Sadly, when you’re in the 11 month season, tired week to week, battered day to day and under so much pressure to perform it’s hard to step away and take a moment to realise what needs to be done and then try to re-enter the system. You’d be left behind. Few have done it, Gavin Henson is one I can think of. Taking a year sabbatical sailing the Mediterranean on his yacht having what sounded like an incredible time! You’ll have pay a visit to his pub in St. Brides Major, Wales, to get some stories out of him. I certainly don’t think they’re for me to say…

I still reflect on my professional rugby career most days. It spanned over 12 years and is the only thing I’ve known in my adult life. It happens mostly when walking my dog at either ends of the day. The peaceful sunrise and sunsets over Hampstead Heath give you the perfect opportunity to let your thoughts run with flash backs of decisions made in close games, memories… or lack of memories from team socials, conversations with coaches about next year’s contract or the time Gordon Ramsay made you an idiot sandwich.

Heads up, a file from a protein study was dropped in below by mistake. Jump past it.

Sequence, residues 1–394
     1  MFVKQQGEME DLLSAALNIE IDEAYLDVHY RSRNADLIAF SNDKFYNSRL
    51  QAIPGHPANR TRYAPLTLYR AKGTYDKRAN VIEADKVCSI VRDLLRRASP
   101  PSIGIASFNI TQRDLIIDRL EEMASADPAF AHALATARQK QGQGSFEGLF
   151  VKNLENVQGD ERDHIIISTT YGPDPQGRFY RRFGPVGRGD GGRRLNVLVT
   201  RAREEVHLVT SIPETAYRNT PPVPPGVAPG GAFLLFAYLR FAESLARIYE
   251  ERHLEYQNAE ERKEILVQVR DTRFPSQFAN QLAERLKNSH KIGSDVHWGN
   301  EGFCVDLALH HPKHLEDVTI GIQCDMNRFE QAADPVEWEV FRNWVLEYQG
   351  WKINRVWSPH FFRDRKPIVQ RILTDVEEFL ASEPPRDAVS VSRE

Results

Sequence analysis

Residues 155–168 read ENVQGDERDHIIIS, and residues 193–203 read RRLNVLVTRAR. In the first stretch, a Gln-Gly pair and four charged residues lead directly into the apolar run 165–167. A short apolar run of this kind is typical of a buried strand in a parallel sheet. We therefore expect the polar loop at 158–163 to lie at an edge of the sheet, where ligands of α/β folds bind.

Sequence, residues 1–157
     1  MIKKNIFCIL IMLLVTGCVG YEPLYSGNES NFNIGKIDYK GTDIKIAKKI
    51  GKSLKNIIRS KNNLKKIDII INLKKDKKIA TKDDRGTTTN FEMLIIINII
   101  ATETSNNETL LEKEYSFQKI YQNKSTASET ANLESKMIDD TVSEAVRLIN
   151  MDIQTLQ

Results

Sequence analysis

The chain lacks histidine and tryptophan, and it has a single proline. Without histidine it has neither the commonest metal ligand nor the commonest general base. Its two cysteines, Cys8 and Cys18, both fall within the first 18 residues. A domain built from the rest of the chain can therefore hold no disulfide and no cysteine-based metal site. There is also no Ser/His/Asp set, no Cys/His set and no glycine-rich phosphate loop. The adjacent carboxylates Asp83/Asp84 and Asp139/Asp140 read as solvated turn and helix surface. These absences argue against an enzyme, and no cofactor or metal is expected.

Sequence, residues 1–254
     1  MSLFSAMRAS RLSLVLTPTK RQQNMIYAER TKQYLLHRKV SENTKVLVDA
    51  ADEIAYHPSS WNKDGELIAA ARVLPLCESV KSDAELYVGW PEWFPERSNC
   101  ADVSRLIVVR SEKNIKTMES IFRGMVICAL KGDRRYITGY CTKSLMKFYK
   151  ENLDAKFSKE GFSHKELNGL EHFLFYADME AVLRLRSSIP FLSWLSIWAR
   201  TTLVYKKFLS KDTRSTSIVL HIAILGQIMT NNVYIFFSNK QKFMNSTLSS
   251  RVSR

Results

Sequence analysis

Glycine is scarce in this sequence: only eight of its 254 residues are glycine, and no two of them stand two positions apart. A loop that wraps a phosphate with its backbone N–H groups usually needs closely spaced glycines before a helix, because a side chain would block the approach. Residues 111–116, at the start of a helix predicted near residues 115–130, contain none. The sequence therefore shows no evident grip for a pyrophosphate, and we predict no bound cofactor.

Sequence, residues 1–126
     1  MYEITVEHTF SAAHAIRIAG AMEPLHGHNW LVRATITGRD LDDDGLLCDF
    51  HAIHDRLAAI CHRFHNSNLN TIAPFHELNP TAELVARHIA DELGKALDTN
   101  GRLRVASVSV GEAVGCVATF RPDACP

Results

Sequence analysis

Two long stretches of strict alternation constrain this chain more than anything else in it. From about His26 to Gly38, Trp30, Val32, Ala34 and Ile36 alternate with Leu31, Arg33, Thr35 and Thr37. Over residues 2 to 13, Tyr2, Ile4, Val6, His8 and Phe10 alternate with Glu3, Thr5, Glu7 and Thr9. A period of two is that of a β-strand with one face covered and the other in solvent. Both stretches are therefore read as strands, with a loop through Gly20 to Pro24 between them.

Now to most a job is a job and a lot of people, they still do, say that we as sportsmen are so lucky to be able to do what we do or have done, this is massively true. You get to run around a field with your mates and do a bit of gym? Its a no brainer! Yet, most don’t see the sacrifices that you make, mentally and physically. It’s a 24/7 job that runs all year round and it not only affects you but selfishly the people closest to you. Constantly thinking about your sleep quality from the night before, nutrition, how did I feel in this game? Have I recovered enough from our hard days training on Tuesday? Why did I train poorly on Tuesday? Thursday comes round and there’s clips in the meeting of what I did poorly on the Tuesday training. The game comes round on a Saturday and you narrowly lose, you’ve had a stray boot connect with your face and it cuts your nose open, you return to the changing rooms after the game with your nose and eyes bloodied with a message that’s come through on your phone from an anonymous social media user telling you how bad you were. Surprise surprise the user has 6 followers and his profile picture is of a fish, but the comment stays with you. Were they right? The comments continue to pour in on the team’s social media letting you know how poorly they thought you were, these unless you don’t go on your phone are often hard to not see.